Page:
Development Partners Call For Food Fortification Sensitization in Nigeria

…Say fortification no longer a choice

Food Fortification

Development partners at the forefront of driving global nutrition security have called for food fortification sensitization and local patronage of premixes in Nigeria.

The development partners who spoke at the Food Fortification and Digitalization Roundtable organized by TechnoServe Nigeria under its Strengthening African Processors of Fortified Foods (SAPFF) program said despite the severity of hidden hunger in the country, many Nigerians still do not understand fortification in food products. 

They counseled that collaboration among regulatory agencies and stakeholders across the food value chains would help generate the energy, expertise, and capacity to attain fortification targets in the country and drive the growth of the local premixes industry. 

According to them, Nigeria’s data on multiple levels of nutrition derivation shows that fortification is no longer a choice but a must in the country.

“The general public still does not know what fortification is all about. There is a need for sensitization and the government has demonstrated to us that it can be done,” said the country director, Hellen Keller International, Philomena Orji.

“A few years ago, NAFDAC did the “shine your eye” campaign with medication. If we can put the same effort into fortification, then we can increase the demand for fortified products and achieve our fortification goals,” she noted.

She called for collaboration among government agencies to ensure effective monitoring, while also calling for industry-wide collaborations to address fortification challenges.  

Speaking also, head – policy and advocacy, Global Alliance for Improved Nutrition (GAIN), Joyce Akpata, urged Nigeria to encourage local production of premixes, saying it played a significant role in the country’s quest for tackling malnutrition and hidden hunger.

“Food processors need to patronize local premix manufacturers and the government needs to provide incentives and create an enabling environment for the industry to thrive locally.

“As much as we are trying to eradicate hidden hunger, we should build businesses in the process as well,” she added. 

The experts noted that food fortification is an intervention that is proven and known for a long time as long as it is done the right way and made available for the citizenry at the right price. 

They stressed that better nutrition translates into better health and a more productive economy that can withstand the pandemic. 

“Food fortification is one intervention that reaches all and can help lift other societal goals,” said the chief of Nutrition, United Nations Children’s Fund (UNICEF), Nemat Hajeebhoy.

Speaking on the importance of technology to the country’s fortification landscape, the experts urged agencies and stakeholders to systematically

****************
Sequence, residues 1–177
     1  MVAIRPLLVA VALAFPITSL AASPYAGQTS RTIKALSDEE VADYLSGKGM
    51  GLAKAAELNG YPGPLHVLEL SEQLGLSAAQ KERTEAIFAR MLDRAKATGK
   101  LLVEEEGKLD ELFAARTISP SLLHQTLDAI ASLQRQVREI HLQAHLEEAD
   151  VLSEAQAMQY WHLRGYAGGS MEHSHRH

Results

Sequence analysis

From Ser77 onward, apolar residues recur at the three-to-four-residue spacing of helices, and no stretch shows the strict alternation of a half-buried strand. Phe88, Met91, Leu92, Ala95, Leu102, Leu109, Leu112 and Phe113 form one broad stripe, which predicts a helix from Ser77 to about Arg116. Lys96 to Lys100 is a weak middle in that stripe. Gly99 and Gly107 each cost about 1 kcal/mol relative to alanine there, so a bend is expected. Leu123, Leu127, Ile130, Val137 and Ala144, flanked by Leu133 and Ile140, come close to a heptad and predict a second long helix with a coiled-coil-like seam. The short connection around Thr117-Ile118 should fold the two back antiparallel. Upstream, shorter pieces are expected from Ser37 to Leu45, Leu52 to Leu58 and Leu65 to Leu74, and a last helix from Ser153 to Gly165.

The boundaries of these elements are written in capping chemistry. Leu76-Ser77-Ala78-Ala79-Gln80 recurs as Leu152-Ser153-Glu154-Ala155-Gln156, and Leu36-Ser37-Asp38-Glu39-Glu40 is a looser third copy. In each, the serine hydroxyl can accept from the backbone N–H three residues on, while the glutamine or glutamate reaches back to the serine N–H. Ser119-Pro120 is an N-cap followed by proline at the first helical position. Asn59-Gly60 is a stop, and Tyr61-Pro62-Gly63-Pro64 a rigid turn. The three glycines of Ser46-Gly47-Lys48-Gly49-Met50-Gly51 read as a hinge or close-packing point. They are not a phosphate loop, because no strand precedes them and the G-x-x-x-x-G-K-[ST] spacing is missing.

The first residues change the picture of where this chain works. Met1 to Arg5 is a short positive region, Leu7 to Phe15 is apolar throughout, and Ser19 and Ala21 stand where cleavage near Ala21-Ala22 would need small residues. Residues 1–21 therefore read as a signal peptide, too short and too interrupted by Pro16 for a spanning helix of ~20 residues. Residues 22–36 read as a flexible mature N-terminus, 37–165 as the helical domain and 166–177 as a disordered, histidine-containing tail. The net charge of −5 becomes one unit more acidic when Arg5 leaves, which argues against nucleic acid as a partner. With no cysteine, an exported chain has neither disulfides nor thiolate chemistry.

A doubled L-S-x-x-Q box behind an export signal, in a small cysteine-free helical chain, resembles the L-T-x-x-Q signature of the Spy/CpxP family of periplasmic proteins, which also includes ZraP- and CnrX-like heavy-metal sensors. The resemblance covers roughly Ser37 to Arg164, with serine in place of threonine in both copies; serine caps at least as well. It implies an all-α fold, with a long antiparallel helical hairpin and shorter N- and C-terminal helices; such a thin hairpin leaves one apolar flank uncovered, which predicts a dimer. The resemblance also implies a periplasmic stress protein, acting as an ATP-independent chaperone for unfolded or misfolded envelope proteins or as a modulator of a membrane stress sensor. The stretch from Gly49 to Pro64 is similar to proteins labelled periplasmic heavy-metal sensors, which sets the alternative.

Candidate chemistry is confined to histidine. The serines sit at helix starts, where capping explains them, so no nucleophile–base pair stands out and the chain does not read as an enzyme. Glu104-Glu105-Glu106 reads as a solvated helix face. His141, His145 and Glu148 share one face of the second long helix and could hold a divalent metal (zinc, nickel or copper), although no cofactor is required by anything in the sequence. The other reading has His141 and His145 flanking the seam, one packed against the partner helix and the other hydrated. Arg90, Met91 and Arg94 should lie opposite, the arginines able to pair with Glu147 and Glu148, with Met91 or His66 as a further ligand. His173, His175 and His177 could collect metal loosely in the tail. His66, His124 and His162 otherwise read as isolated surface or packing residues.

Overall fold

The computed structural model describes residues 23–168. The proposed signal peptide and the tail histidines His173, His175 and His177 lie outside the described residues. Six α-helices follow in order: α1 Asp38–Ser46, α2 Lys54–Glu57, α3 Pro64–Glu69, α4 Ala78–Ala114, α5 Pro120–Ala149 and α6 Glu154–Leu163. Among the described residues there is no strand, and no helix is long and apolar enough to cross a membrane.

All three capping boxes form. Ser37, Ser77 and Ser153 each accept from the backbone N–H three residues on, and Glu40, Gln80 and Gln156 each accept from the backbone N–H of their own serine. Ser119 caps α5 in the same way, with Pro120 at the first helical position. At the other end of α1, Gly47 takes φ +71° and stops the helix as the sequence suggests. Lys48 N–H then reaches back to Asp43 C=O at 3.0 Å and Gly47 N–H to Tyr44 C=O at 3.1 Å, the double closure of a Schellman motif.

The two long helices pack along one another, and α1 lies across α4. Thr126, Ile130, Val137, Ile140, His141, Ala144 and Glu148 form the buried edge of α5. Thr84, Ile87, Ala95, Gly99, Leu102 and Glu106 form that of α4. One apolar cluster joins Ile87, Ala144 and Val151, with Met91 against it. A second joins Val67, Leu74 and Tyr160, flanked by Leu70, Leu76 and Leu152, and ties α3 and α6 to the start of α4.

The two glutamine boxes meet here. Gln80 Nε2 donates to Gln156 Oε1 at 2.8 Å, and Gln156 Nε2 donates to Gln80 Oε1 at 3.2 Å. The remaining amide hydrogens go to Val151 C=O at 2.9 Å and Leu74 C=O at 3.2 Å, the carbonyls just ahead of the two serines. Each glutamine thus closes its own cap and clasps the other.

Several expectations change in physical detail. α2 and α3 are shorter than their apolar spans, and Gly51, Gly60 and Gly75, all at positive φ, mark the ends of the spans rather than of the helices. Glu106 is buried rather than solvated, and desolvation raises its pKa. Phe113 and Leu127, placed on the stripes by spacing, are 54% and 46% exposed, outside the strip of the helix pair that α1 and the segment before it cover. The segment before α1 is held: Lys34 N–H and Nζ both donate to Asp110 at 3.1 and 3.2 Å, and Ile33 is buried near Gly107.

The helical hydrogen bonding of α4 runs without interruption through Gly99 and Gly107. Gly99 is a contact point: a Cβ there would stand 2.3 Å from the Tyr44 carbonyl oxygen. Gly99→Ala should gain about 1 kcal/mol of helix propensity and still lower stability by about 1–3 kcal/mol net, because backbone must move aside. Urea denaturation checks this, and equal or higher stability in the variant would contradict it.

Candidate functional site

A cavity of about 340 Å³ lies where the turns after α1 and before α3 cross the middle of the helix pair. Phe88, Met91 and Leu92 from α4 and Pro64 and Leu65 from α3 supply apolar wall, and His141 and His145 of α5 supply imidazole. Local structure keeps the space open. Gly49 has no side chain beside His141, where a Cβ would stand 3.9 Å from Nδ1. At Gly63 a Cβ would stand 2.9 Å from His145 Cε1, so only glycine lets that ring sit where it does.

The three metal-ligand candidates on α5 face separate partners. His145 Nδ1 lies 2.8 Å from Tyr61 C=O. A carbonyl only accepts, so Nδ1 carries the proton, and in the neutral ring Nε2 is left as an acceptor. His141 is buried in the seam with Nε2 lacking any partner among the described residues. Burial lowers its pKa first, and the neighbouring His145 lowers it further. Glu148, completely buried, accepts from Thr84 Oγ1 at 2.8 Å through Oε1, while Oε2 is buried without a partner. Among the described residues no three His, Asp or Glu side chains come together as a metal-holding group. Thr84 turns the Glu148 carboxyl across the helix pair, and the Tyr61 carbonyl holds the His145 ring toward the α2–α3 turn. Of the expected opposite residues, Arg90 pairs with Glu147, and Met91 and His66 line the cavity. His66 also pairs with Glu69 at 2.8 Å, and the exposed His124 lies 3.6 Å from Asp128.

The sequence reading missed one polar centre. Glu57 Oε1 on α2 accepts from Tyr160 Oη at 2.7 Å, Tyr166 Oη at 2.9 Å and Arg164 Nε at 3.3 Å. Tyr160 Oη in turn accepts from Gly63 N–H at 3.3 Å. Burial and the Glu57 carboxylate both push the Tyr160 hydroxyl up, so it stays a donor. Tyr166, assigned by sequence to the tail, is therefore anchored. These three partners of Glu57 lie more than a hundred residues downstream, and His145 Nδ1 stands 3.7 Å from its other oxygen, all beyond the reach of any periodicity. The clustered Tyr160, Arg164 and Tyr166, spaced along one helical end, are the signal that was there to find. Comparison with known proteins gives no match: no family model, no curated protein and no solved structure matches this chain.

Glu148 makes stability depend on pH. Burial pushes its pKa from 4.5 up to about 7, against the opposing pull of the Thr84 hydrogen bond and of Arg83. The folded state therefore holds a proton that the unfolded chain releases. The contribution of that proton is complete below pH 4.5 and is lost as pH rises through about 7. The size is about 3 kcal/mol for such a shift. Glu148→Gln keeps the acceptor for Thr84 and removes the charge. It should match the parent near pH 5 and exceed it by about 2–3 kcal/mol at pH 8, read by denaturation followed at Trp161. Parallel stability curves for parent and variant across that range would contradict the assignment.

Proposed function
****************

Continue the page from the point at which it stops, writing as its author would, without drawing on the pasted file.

leverage digital and technological tools to ensure fortification compliance at production and market levels to increase trust. 

According to them, digitalization helps optimize potential for generating economic value from digital tracking of other quality parameters, reducing the volume of tests and refocusing resources in more critical areas.

“Digitization of business processes and food system interactions holds the potential to transform the way that key stakeholders within the Nigerian food fortification landscape (including input suppliers), track their performance and contribute towards increased visibility and transparency,” said Ayodele Tella, project manager, SAPFF.

“Harnessing the opportunity to adopt and strengthen the use of timely digital data, alongside investments in automation by industry, could have significant implications on how food fortification and national food systems serve as a transformation tool in ensuring the achievement of public health goals,” Tella said.  

Highlighting challenges hindering fortification compliance, a professor at department of food and chemical sciences, Bells University of Technology, Offa, Olugbenga Ogunmoyela, noted that FX volatility, ports congestion, logistics issues, poor handling of premixes, and high cost of production among others had continued to impact fortification compliance in the country.

To address these issues, he urged processors to take liability and be responsible, while calling for review and harmonization of the HSCode for premixes for transparency.

Also, he called for effective monitoring by regulatory agencies, building capacity for laboratory analysis, and proper handling/storage of premixes to prevent value reduction.   

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